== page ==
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Taking the pain out of EHR data migration process

EHR data migration expert Sean West of HealthPort offers strategies to make changing EHRs go smoother -- including negotiating with consultants.

SAN DIEGO -- Discontent with first-generation EHRs, mergers and acquisitions among healthcare providers, and compliance...

with evolving government regulations finds many physician practices and hospitals planning to replace legacy software with updated systems.

But what about moving the patient data in those legacy applications into the new data systems? This sometimes difficult transition can be fraught with EHR data migration traps that can breed inaccuracies and possibly lead to medical errors.

Yet data migration is on the immediate agenda of 30% to 50% of physician practices, according to Sean West, vice president and general manager for conversion services at Alpharetta, Ga.'s HealthPort, necessitating strategies to make them go as efficiently and as error-free as technically possible. IT managers play a role in making that happen.

Planned migrations critical

Careful planning is essential, West told health information management professionals at the 2014 convention of the American Health Information Management Association (AHIMA). Well-executed conversions should take place over a 60- to 90-day period for small organizations, and take as long as a year for big hospitals.

"A lot of organizations put it off until the last minute," he said. "This can have terrible consequences. Make sure you start in time."

Among the unintended costs of poorly executed conversions -- such as frantic weekend data migrations -- are business operations slowdowns that can triple the cost of the conversion itself, West warned. Other key considerations for data migration are minimizing compliance and other financial risks.

Tips for successful migrations

These are West's five steps for successful EHR data migrations:

  1. Start early
  2. Form a committed team
  3. Gather requirements; decide what data to convert
  4. Engage a data analyst, internal or external
  5. Test

Four recommended migration routes

As for broad data migration strategies, West recommends these:

  1. One-time data conversion. Upload the past 36 months of data into the new EHR. Store the data from the past four to 10 years at a lower level of indexing. Upload as much discrete information as possible. Definitely include most recent lab results, last two office visits, any preventive testing, mammograms and colonoscopies.
  2. Create a system-to-system interface. This will ensure constant online access and make it possible to see everything in the new EHR. The potential drawbacks of an interface include the cost to support and maintain the old EHR, the multiple systems involved, and the toggling between systems that's required.
  3. Use multiple systems. Perceived as less expensive than conversion because some vendors allow read-only access at lower annual maintenance pricings, but carries risk of significant productivity reduction and overlooking items critical to patient care.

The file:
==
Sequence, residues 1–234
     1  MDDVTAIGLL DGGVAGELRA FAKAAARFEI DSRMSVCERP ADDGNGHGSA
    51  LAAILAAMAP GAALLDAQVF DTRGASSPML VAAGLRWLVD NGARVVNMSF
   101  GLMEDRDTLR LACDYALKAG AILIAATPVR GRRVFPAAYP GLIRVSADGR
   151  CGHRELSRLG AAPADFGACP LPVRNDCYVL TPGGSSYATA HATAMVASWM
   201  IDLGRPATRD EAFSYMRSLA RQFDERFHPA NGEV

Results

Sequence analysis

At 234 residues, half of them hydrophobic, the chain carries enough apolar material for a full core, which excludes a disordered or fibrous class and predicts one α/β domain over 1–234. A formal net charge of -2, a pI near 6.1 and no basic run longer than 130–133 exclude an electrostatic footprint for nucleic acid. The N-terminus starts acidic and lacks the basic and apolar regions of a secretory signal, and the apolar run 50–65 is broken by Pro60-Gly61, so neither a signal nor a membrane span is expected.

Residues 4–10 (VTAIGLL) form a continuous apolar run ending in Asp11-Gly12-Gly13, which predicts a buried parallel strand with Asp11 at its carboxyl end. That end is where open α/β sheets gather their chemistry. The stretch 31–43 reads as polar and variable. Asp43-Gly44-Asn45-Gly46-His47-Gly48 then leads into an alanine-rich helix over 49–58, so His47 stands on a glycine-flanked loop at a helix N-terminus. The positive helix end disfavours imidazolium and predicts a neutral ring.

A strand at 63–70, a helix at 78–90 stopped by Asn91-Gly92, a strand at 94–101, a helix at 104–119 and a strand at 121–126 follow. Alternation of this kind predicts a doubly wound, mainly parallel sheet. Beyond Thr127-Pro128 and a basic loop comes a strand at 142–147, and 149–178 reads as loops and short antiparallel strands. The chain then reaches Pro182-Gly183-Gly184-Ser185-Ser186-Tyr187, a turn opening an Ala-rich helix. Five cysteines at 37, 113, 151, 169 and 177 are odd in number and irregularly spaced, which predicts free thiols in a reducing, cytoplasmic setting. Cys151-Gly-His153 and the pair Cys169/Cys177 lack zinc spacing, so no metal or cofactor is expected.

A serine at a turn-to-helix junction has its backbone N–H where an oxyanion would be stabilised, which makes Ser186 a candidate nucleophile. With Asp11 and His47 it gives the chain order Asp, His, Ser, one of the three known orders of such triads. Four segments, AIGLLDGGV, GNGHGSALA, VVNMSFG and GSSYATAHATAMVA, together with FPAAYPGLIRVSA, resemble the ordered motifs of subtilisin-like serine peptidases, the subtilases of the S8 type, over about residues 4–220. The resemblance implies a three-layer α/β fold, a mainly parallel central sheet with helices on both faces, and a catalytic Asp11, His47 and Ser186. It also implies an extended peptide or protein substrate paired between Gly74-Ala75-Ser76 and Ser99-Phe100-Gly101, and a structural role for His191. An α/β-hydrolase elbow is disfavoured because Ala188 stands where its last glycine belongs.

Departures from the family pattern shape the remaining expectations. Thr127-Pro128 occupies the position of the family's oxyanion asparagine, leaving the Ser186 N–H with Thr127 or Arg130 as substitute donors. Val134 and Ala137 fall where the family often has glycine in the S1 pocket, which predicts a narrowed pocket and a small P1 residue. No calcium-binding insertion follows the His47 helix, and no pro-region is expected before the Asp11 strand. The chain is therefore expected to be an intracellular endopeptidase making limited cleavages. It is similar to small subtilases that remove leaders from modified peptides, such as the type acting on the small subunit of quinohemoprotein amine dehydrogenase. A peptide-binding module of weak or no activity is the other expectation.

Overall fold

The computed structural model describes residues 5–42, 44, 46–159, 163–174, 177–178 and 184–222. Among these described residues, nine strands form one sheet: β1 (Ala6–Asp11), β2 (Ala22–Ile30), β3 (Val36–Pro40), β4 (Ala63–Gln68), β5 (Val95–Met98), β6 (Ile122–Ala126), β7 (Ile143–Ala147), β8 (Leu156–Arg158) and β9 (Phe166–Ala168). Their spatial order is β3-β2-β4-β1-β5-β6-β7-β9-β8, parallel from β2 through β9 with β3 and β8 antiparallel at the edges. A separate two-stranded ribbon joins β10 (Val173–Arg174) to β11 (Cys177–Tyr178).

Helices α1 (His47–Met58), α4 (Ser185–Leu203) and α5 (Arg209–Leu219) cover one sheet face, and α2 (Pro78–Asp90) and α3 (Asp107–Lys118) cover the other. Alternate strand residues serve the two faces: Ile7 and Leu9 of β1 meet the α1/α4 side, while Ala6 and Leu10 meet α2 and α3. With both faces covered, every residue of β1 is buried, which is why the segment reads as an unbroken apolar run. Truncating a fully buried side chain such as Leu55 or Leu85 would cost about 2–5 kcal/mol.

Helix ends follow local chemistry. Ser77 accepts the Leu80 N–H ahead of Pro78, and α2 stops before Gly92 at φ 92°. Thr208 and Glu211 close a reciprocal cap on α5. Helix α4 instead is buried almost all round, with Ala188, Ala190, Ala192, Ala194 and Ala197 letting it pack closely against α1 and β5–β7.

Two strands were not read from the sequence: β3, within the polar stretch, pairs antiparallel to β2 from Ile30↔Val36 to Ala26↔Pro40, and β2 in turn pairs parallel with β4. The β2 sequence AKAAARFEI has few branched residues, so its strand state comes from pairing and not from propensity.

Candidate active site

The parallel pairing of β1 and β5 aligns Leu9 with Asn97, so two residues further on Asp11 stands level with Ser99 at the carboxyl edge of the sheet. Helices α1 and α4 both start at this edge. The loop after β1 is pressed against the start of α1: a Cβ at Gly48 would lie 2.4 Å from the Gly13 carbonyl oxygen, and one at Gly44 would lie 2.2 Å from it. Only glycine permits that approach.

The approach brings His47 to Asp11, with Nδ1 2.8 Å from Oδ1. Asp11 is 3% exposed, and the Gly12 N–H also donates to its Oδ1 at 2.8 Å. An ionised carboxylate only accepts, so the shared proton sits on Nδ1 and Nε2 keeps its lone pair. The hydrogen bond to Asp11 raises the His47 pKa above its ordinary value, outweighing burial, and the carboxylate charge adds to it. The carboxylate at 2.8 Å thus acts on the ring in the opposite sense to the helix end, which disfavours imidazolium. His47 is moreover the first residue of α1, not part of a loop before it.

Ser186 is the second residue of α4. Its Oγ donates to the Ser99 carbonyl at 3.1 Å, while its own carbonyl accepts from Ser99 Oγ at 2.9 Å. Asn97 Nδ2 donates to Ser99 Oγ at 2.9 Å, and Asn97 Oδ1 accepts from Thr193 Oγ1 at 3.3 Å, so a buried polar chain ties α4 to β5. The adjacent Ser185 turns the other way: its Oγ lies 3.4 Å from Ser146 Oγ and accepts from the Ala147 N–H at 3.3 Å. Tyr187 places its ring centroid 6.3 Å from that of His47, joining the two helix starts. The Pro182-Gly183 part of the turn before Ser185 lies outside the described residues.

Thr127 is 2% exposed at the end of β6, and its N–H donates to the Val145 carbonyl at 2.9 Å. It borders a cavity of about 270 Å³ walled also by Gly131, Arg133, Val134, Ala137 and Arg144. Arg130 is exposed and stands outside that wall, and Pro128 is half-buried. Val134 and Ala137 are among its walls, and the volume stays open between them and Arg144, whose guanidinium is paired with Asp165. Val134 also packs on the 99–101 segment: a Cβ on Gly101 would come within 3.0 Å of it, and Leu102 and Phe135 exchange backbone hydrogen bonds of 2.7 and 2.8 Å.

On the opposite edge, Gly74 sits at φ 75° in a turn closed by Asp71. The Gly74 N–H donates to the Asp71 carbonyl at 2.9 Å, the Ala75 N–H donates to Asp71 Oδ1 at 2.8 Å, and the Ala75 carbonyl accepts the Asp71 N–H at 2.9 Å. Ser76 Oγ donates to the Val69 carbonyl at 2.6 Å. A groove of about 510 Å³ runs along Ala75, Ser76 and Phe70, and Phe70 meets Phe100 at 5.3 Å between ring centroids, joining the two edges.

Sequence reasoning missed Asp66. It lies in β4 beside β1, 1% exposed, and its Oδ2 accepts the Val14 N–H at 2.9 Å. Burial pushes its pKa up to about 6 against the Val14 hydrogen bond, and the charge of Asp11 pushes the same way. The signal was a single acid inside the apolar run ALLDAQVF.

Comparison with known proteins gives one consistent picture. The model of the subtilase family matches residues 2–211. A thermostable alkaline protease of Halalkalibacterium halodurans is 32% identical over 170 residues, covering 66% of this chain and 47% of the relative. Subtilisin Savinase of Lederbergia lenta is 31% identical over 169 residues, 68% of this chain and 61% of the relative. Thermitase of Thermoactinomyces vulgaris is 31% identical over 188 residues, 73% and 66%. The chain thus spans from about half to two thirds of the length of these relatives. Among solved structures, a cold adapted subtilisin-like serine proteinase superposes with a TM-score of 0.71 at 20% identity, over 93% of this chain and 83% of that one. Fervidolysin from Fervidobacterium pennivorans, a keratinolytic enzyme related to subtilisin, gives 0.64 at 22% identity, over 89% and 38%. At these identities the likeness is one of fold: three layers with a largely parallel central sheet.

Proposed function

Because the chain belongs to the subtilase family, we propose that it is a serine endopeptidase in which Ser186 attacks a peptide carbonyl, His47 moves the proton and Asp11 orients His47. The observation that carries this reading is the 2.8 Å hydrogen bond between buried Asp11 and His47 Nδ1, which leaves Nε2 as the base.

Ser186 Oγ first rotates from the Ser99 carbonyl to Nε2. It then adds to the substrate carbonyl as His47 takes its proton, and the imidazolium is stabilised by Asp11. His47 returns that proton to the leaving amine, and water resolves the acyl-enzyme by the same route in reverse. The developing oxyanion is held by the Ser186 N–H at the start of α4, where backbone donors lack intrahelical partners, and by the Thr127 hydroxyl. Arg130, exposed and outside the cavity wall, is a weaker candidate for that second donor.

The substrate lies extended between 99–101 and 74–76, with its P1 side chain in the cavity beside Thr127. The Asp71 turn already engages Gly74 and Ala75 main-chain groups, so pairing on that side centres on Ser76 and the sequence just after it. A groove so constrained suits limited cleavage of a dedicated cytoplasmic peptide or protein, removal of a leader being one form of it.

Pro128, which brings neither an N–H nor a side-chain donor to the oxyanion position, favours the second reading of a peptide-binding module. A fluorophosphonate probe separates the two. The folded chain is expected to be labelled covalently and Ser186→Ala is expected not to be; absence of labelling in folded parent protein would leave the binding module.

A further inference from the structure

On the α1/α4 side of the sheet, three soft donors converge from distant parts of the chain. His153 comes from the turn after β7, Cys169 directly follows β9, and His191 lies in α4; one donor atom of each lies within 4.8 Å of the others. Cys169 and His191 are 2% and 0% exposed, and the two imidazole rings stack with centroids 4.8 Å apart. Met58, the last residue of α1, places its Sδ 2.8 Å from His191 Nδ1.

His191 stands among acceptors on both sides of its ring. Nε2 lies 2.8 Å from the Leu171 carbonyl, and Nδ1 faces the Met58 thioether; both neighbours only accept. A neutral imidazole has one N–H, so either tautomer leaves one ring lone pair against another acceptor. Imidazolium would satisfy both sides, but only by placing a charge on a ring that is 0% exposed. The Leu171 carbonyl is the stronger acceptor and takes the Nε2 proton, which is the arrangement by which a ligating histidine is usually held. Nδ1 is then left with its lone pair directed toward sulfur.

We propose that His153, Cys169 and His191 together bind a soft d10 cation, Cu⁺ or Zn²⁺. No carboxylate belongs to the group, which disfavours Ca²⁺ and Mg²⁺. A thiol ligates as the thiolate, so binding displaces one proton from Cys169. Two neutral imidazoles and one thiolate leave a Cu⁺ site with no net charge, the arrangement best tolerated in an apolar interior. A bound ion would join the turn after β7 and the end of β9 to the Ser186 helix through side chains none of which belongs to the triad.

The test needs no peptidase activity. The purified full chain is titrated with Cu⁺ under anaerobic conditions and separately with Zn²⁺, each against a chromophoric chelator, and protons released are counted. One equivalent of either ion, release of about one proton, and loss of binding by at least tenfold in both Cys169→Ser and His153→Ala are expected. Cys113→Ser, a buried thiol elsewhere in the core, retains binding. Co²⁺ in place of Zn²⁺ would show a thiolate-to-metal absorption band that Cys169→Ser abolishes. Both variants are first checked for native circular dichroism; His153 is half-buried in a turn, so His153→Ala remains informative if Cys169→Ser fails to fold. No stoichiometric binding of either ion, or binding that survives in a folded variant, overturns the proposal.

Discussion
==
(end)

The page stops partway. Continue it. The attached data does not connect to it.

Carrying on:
4. Install a vendor neutral archive (VNA). Best of both approaches, with recent data migrating to the new EHR and older information stored in the online VNA. Other advantages: Data is easily available and retrievable; supports HIPAA compliance for entire lifecycle; accommodates all types of data including audio, video, DICOM images and scanned documents; ensures interoperability and control of your data.

VNAs, tips on consultants, and warning flags

In his talk, West said that VNAs are gaining in popularity and momentum as they take over from older picture archiving and communication systems.

"We see this being employed more and more today as people need a repository that is vendor-neutral and does not encumber EMR performance," he said. "And it does ensure interoperability."

West cautioned health information management professionals against simply following the lead of a consultant who says, "We'll do whatever you need." Physician practices should also negotiate from their new vendors how many hours of support will be needed to ensure that the imported legacy data is efficient and accurate, he advised.

"You should see a statement of work before you see a scope of work," West said.

Other warning signs:

  1. Output problems. Many physicians incorrectly think anything not in a scanned image will "migrate" out of the legacy system.
  2. Free text conversion. Many first-generation EHRs supported free text in certain fields that can be problematic to convert.
  3. Migration costs. Trying to avoid the expense of a conversion vendor by sticking it out with an old system for as long as possible can have vast, negative consequences.
  4. Interface challenges. Before buying a new system, always know its exact workflows for data import and export and the formats it supports.
  5. "Preload" as you go. Some vendors don't include the true cost of conversion to avoid delaying the sale. Using in-house staff to rebuild patient histories is not cost-effective and harms the patient experience.

Finally, West said that physicians and their practices should have these questions for their new vendors before they buy a system: What is the preferred method of importing discrete data? What data formats can be imported?

Let us know what you think about the story; email Shaun Sutner, news and features writer, or contact @SSutner on Twitter.

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